A huge forest fire has broken out in Spain as a deadly heatwave affecting much of Europe continues to intensify.
Temperatures across the continent are expected to continue to soar further still on Thursday, the result of an "enormous" reservoir of warm air drawn from northern Africa, dubbed a Saharan Bubble. Germany, Poland, and the Czech Republic have already recorded their highest ever June temperatures this week, while France, Switzerland, and Belgium could now follow.
It comes as hundreds of firefighters and soldiers battled a dramatic forest fire in north-east Spain which raged into Wednesday night.
Temperatures are expected to reach 45C in parts of northeastern Spain on Friday as officials warned more "significant" forest fires could break out.
Families in the area were evacuated and roads were closed, while Catalonia's regional interior minister Miquel Buch described the blaze as the most serious the region has seen in 20 years.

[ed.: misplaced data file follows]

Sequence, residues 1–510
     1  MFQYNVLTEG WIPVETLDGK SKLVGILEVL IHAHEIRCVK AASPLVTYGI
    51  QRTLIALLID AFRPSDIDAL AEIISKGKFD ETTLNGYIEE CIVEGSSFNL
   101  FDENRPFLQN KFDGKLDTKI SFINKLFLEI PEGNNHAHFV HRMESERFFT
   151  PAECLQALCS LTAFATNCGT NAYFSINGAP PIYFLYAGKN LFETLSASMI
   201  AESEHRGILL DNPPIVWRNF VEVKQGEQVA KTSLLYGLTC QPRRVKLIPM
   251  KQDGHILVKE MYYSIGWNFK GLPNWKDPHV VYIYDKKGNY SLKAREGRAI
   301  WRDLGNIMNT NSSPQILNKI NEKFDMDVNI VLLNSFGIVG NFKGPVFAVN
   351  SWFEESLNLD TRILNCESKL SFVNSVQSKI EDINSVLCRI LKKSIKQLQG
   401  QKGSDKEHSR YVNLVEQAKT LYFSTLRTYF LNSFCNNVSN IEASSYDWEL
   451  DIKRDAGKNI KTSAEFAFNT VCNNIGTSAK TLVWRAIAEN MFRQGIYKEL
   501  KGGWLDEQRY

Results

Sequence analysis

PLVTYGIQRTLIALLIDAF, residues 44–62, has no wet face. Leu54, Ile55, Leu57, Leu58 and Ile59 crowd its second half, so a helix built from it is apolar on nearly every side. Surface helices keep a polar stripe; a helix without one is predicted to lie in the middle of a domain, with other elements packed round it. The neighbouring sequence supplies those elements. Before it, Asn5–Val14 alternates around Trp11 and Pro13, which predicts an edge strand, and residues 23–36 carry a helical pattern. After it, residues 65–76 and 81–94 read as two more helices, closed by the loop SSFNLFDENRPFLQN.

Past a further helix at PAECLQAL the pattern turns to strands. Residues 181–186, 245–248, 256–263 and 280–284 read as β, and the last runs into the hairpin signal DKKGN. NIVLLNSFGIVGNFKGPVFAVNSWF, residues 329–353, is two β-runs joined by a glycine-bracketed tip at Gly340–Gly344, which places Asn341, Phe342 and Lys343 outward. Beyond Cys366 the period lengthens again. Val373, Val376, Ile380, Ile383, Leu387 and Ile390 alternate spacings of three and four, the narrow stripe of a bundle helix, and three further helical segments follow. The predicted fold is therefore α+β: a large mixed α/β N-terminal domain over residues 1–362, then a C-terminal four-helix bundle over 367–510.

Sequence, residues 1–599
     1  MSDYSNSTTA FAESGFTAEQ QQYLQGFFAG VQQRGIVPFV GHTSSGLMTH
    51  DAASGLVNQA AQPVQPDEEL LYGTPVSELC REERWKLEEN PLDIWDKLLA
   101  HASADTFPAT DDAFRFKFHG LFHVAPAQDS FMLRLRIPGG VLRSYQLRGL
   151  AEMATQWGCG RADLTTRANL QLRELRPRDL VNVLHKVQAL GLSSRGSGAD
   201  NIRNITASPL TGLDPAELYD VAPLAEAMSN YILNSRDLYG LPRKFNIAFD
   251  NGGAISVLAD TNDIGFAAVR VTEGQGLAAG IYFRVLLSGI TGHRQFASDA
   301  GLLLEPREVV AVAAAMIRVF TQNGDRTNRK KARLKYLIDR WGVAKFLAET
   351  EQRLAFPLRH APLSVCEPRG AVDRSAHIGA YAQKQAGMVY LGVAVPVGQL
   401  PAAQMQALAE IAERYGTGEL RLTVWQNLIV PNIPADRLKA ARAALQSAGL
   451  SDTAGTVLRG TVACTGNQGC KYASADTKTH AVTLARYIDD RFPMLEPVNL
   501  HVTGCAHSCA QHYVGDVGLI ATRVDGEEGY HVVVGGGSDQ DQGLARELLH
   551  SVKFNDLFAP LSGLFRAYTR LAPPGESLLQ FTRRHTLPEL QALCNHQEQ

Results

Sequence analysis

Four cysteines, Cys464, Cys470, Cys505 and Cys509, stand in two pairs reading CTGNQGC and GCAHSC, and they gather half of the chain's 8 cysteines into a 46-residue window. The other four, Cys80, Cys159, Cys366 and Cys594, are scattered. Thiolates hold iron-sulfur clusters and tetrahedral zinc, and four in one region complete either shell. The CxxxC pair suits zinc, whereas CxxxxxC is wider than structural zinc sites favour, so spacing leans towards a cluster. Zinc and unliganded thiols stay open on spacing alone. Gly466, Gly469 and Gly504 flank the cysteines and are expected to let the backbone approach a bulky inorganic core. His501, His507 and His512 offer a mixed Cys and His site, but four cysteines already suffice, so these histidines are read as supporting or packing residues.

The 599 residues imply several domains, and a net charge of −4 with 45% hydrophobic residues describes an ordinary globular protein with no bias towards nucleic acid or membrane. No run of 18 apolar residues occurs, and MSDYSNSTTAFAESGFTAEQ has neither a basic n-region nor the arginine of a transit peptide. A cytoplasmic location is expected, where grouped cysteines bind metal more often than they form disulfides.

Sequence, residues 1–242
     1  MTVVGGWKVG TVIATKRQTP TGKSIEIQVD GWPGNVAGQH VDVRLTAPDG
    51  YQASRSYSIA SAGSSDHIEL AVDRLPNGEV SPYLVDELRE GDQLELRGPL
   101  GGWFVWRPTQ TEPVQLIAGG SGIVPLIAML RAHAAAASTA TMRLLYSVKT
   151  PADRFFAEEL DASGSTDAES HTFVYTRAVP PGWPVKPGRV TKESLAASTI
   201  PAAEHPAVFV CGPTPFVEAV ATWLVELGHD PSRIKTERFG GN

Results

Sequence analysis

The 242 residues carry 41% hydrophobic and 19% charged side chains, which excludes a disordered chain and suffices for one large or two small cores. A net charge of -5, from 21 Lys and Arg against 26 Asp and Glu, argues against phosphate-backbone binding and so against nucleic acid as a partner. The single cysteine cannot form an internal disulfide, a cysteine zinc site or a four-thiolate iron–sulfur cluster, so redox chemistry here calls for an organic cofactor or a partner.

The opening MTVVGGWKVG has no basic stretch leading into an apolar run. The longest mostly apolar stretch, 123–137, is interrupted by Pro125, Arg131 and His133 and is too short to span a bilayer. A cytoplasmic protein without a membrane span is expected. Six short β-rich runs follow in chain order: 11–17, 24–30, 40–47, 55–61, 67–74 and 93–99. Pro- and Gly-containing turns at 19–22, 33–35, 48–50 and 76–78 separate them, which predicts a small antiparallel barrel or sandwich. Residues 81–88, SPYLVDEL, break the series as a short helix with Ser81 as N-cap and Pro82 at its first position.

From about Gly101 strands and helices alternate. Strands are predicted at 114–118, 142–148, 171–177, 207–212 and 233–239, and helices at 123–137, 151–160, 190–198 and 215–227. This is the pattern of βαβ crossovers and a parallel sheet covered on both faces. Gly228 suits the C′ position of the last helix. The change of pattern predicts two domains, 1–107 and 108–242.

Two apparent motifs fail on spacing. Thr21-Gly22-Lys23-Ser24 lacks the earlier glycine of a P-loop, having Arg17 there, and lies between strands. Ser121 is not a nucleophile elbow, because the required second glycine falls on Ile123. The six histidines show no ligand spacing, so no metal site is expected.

He said on Twitter that there were fears it could destroy 20,000 hectares before it was put out.
"Let us be very aware that any irresponsibility can end up being a catastrophe.
Maximum precaution," he said.
European forecasters warned that "hell is coming" ahead of this week's record-breaking heat wave. The 2,000-mile wide reservoir of warm air has sparked health warnings, closed schools and forced speed restrictions on Germany's autobahns.
On Wednesday, Coschen in Brandenburg peaked at 38.6C - a new German record for June. Meanwhile, three swimmers died in separate incidents on beaches in southern France as the mercury soared to over 40C.
A man, aged 70 suffered a cardiac arrest in calm water and was believed to have been a victim of 'thermic shock' after coming into contact with the water.
Two other people died in similar circumstances.
A woman, 62, died at a beach near Montpellier, and a man, aged 75 also died at another beach nearby.
The French weather agency set the heat warning level at orange - the second highest intensity on its four-level categorization system for potentially dangerous conditions requiring public vigilance. Radzyn in Poland and Doksany in the Czech Republic also recorded new national highs, with temperatures hitting 38.2C and 38.9C respectively.
Parts of France and Switzerland also recorded their local all-time highest temperatures ever.
Even in the high-altitude Alps, temperatures topped 30C in places.
In Britain, temperatures are expected to climb as high as 31C over the weekend.